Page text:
What do you do with a problem like Dream House? I’m sure there was a time when this film was going into production that it was considered a bit of a prestige project for the studio. After all, you’re talking about a movie with a multiple-Academy Award nominated director (Jim Sheridan, My Left Foot, In The Name Of The Father), an all star (Daniel Craig, Rachel Weisz, and Naomi Watts), and a screenplay rooted in the highly profitable haunted house genre.
Then Craig and Weisz went ahead and had a home-wrecking affair on the set. Suddenly a movie being primed for awards and a big box office became a gossip-collecting embarrassment. As a result, the Dream House release was delayed several times and ended up getting dumped into theaters unceremoniously without even screening for critics to avoid too much infidelity ink from being smeared all over the press. So the question is, was Dream House mistreated because of backstage shenanigans, or is it a stinker that Universal rightfully wanted a little distance from?
The film stars Daniel Craig as a happy father with a beautiful wife (Rachel Weisz) and two daughters. Unfortunately, there’s a catch. They were murdered and he was the prime suspect. Of course he doesn’t know that initially. The first act of the movie features Craig wandering around his old house admiring his family, but that’s all just a good old-fashioned hallucination from a crazy person. Once Craig figures out his family is dead, he sets about finding their killer, aided by a kind woman from across the street (Naomi Watts) who sympathizes with the possible multiple murderer who’s squatting in an abandoned house for no apparent reason. It all gets even sillier from there and it might become an even more confusing movie after the final reveal than when it was all still a mystery.
Dream House is a pretty bad movie featuring a plot with holes so big they could house a family of four. At times the movie is full-on incoherent, but it’s difficult to tell if that was always the case. It leaked out months ago that Dream House had to go through an extensive reshoot process, and you can tell that while watching the film. I have no idea what the initial screenplay that attracted all of the big name talent looked like, but I think we can assume that it was pretty different from the crap pile that limped onto screens this weekend. Many scenes feel jumpy, as if large portions have been removed. In many sequences, extra lines of dialogue were clearly added whenever characters turned their back to the camera in an attempt to rewrite the script one last time in editing. It’s embarrassingly obvious, and hurts the film rather than helping.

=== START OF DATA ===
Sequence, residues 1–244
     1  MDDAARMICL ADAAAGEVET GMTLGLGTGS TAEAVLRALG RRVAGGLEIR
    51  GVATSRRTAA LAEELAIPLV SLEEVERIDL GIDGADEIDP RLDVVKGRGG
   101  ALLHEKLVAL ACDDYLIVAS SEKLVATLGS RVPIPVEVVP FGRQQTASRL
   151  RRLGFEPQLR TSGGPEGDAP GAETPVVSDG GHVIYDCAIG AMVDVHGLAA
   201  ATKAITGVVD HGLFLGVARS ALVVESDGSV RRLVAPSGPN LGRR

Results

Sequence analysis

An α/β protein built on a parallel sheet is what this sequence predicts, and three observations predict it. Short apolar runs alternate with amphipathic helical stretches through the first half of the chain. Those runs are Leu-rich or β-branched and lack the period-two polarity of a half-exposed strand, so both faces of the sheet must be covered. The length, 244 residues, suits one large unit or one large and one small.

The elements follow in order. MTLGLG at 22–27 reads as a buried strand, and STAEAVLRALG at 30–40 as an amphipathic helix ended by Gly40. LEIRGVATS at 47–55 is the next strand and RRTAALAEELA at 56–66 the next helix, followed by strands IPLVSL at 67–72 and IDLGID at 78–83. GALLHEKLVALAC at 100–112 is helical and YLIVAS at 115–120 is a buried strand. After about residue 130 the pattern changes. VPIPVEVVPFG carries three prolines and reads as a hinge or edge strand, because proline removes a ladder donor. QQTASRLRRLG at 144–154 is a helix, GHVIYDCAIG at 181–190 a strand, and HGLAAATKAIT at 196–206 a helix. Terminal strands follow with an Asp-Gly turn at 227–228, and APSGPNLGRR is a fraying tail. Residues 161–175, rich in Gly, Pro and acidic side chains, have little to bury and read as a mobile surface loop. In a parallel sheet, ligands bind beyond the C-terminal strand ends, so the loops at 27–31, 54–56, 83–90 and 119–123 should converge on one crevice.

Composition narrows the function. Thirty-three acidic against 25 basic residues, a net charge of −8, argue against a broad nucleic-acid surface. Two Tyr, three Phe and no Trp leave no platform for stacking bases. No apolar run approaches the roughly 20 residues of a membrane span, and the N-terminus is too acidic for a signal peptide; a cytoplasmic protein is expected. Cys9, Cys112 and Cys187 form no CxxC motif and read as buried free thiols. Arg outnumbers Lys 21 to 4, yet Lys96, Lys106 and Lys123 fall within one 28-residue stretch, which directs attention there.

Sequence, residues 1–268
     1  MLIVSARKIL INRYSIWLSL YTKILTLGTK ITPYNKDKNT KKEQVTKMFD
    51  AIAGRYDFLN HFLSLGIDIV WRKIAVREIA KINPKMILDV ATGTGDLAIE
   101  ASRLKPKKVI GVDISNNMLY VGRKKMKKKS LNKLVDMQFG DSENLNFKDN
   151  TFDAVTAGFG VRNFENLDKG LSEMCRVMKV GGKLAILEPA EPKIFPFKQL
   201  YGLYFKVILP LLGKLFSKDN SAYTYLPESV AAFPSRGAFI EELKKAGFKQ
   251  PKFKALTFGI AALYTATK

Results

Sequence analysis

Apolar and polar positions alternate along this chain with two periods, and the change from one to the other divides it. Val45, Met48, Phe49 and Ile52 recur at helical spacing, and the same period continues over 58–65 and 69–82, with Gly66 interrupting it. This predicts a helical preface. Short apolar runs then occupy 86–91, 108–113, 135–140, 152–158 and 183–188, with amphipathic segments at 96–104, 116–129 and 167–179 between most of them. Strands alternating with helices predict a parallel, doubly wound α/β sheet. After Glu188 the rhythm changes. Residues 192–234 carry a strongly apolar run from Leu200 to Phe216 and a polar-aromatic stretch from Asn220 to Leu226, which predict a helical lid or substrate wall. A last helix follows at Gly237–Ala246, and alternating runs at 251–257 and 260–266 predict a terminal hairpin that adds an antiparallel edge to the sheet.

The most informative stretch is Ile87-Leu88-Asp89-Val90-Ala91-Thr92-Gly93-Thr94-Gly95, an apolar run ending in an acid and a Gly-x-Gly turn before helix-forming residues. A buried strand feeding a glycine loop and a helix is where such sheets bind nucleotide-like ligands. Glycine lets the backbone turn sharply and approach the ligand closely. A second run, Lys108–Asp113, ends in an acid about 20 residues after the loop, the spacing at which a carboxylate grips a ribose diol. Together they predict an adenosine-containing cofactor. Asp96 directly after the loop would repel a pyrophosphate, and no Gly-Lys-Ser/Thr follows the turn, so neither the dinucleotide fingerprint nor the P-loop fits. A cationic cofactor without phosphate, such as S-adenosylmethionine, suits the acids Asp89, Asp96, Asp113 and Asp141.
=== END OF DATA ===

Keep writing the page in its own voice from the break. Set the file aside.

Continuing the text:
The lion’s share of the problems with Dream House should probably be piled onto the back of director Jim Sheridan. He’s been a pretty good filmmaker in the past, but specialized in delicate, political character pieces, not goofy horror shenanigans. Sheridan doesn’t seem to have any sense of how to create suspense or tension with how he shoots the movie, and as a result the story lazily unfolds in a manner more suited to a kitchen sink drama than anything resembling a horror movie. Perhaps at one point this was supposed to be a drama with a slight supernatural undertone. It’s difficult to say since the final project has so obviously been tampered with. Admittedly the director does work well with actors and the central trio of Craig, Weisz, and Watts are all fairly decent despite the ludicrous scenes and tin-ear dialogue they have to work with.
In the end, Dream House richly deserves the lackluster response it has been given. It’s a big dumb mess of a movie that won’t appeal to anyone other than Daniel Craig obsessives who will watch it purely to ogle James Bond and not even bother paying attention to what he’s doing. The sad thing is that it’s not even one of those movies terrible enough to be an entertainingly disastrous failure. It’s just boring, confusing, and deeply misconceived in nearly every sense. Don’t bother trying with this one. It’s not even worth a sympathy watch. Just ignore the film and it will disappear into obscurity almost instantly.